B. Lehnert, "Optical Effects of an Extended Electromagnetic Theory," p. 1-77.
M. W. Evans, "O(3) Electrodynamics," p. 79-267.
R. Z. Zhdanov and V. I. Lahno, "Symmetry and Exact Solutions of the Maxwell and SU(2) Yang-Mills Equations," p. 269-351.
P. Szlachetka and K. Grygiel, "Chaos in Optical Systems," p. 353-427.
Boguslaw Broda, "Non-Abelian Stokes Theorem," p. 429-468.
M. W. Evans, "The Link Between the Sachs and O(3) Theories of Electrodynamics," p. 469-494.
M. W. Evans, "The Link Between the Topological Theory of Ranada and Trueba, The Sachs Theory, and O(3) Electrodynamics," p. 495- 499.
J. R. Croca, "Beyond Noncausal Quantum Physics," p. 501-556.
Patrick Cornille, "Electrodynamics and Topology," p. 557-611.
Carl E. Baum, "Quantum Electrodynamics: Potentials, Gauge Invariance, and Analogy to Classical Electrodynamics," p. 611-638.
Thomas E. Bearden, "Extracting and Using Electromagnetic Energy from the Active Vacuum," p. 639-698.
Thomas E. Bearden, "Energy from the Active Vacuum: The Motionless Electromagnetic Generator," p. 699-776.
M. W. Evans and S. Jeffers, "The Present Status of the Quantum Theory of Light," p. 1-196.
Antonio F. Ranada and Jose L. Trueba, "Topological Electromagnetism with Hidden Nonlinearity," p. 197-253.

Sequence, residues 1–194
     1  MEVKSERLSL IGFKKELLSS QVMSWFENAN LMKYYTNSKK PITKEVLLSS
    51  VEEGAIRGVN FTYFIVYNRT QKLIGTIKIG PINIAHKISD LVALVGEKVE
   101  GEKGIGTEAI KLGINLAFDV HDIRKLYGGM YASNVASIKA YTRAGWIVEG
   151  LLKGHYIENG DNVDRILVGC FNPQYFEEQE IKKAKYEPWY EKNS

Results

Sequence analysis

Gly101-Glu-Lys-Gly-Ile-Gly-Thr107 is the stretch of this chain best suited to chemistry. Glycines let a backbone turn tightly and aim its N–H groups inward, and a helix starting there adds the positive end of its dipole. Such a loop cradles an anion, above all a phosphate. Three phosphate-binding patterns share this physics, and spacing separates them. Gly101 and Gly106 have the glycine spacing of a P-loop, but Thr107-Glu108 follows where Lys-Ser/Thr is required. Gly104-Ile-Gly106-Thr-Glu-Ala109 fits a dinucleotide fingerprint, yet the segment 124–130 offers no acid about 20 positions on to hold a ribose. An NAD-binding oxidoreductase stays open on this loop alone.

Nils Abramson, "Ellipsoids in Holography and Relativity," p. 255-295.
D. F. Roscoe, "Astrophysics in the Dark: Mach's Principle Lights the Way," p. 297-333.
Hector A. Munera, "A Semiclassical Model of the Photon Based on Objective Reality and Containing Longitudinal Field Components," p. 335-385.
Pal R. Molnar and Milan Meszaros, "Significance of the Sagnac Effect: Beyond the Contemporary Physics," p. 387-401.
Lawrence B. Crowell, "Non-Abelian Electrodynamics: Progress and Problems," p. 403-467.
A. Khovanov, D. G. Luchinsky, R. Manella, and P. V. E. McClintock, "Fluctuational Escape and Related Phenomena in Nonlinear Optical Systems," p. 469-524.
Donald Reed, "Beltrami Vector Fields in Electrodynamics — a Reason for Reexamining the Structural Foundations of Classical Physics?," p. 525-569.
Sisir Roy, "Constancy of Velocity of Light and Stochastic Background," p. 571-621.
Harold L. Fox, "Energy for the Future: High-Density Charge Clusters," p. 623-653.
Petar K. Anastasovski and David B. Hamilton, "The Superluminal Theory and Effects," p. 655- 681.
Fabio Cardone and Roberto Mignani, "Superluminal Effects and Tachyon Theory," p. 683-698.
Terence W. Barrett, "Topological Approaches to Electromagnetism," p. 699-734. |